Cook strings lines and ideas together with progression and uncommon logic, forcing the reader to reexamine all the things in life which go without examination in our day to day. How does the wolf spider in the mailbox break up its week? It's a beautiful American verse, a common sense reconsidering of lyric and poetic order through comedy and memory. A sort of Heidegger meets Ron White. Think about that one for a moment. It's important to discuss the composition of the photograph. It's important to discuss the content of the photograph. Matt Cook reminds us it's also important to discuss the content left out of the photograph.

A dialogue is always emerging; between people, between bare feet and the grass, endless strings of stories, some important and some not, but all alive in the act of telling. In this, The Unreasonable Slug is an almanac for modern living, a commentary on American society and politic, sans commentary, society, and politic. Cooks observations string together as a necklace, creating moments, all the while taking actual moments and using them as clear and poignant observation. Cook comes off as a young Bruce Springstein, a Box Car Willie cover of a Hank Williams tune played with a wink and a nod, and that somehow makes it more real.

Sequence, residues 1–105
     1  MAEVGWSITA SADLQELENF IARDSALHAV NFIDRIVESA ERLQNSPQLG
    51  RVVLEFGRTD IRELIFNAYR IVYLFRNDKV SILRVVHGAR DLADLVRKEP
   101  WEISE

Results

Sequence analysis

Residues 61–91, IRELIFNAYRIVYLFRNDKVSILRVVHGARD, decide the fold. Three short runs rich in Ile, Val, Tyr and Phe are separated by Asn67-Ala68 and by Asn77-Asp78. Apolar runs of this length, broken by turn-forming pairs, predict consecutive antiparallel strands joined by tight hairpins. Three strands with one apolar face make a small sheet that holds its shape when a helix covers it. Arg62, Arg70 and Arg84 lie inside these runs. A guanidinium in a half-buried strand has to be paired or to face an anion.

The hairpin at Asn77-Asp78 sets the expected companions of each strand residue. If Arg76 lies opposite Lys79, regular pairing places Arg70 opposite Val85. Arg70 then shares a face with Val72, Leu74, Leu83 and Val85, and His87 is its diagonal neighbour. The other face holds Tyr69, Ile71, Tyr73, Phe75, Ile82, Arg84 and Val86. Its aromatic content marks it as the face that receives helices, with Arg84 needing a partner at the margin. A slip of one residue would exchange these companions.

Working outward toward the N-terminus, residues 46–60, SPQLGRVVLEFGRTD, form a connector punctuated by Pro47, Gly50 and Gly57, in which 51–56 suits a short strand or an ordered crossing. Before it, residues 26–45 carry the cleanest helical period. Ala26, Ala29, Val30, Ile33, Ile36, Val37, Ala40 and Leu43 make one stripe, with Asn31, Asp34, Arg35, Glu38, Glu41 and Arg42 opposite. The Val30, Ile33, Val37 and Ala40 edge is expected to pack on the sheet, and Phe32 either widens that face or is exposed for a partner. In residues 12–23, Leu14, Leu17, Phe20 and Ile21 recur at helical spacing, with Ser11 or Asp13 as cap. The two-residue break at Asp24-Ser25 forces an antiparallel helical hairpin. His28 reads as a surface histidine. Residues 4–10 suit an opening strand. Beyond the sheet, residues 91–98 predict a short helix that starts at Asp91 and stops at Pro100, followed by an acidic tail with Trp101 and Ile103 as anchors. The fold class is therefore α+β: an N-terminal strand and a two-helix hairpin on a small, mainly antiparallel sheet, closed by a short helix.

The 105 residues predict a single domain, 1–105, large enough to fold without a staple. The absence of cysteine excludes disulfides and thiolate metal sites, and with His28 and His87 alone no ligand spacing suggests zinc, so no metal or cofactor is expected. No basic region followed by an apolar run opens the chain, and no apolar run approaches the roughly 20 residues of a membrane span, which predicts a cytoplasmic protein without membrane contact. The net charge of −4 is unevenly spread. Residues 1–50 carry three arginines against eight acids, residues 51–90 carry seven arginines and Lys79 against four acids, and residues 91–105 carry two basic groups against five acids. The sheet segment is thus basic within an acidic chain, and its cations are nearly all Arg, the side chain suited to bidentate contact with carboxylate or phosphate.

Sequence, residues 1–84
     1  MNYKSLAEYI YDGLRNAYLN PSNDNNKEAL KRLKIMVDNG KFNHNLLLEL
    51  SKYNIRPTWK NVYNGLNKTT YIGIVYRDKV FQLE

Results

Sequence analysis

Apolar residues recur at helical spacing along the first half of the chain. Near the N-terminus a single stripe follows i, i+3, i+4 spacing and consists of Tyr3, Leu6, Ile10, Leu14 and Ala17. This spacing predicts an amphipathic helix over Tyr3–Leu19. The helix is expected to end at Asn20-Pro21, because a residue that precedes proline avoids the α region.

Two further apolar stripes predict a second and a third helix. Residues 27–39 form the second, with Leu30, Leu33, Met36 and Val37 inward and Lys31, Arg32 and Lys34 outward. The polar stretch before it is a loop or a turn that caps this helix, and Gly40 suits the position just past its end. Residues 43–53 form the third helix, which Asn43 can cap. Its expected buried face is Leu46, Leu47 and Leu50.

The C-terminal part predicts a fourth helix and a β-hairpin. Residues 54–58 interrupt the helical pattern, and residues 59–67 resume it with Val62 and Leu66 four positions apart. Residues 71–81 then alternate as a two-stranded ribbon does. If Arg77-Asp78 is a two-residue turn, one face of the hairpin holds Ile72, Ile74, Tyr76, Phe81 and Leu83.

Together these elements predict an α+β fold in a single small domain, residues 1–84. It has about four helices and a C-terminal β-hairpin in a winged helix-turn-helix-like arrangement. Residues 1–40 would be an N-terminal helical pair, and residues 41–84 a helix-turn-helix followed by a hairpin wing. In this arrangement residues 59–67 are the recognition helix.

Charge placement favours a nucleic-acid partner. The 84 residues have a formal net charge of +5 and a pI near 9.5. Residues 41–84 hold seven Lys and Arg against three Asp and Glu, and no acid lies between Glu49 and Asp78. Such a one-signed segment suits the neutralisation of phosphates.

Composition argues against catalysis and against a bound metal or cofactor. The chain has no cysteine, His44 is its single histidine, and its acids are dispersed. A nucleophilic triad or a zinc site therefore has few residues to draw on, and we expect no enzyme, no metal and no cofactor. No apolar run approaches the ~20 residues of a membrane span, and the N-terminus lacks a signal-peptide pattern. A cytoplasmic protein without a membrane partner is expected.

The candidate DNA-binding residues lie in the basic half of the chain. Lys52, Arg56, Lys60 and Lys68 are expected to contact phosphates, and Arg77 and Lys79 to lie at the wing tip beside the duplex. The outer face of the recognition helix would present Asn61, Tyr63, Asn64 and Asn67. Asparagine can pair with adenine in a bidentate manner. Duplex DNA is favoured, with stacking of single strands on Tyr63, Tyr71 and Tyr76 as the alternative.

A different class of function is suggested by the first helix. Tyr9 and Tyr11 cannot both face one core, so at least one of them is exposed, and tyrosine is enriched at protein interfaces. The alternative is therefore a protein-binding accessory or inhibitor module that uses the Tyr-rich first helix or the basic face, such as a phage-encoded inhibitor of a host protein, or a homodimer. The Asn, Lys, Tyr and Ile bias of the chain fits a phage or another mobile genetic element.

Funny, smart, satirical, populist, academic, subtle, loud, musical, lamentable, social, an inside joke that everyone gets a little of -- jut enough so as to leave you wanting more.


Monday, April 16, 2007

Recommended Reading

Nude Siren--Poems by Peter Richards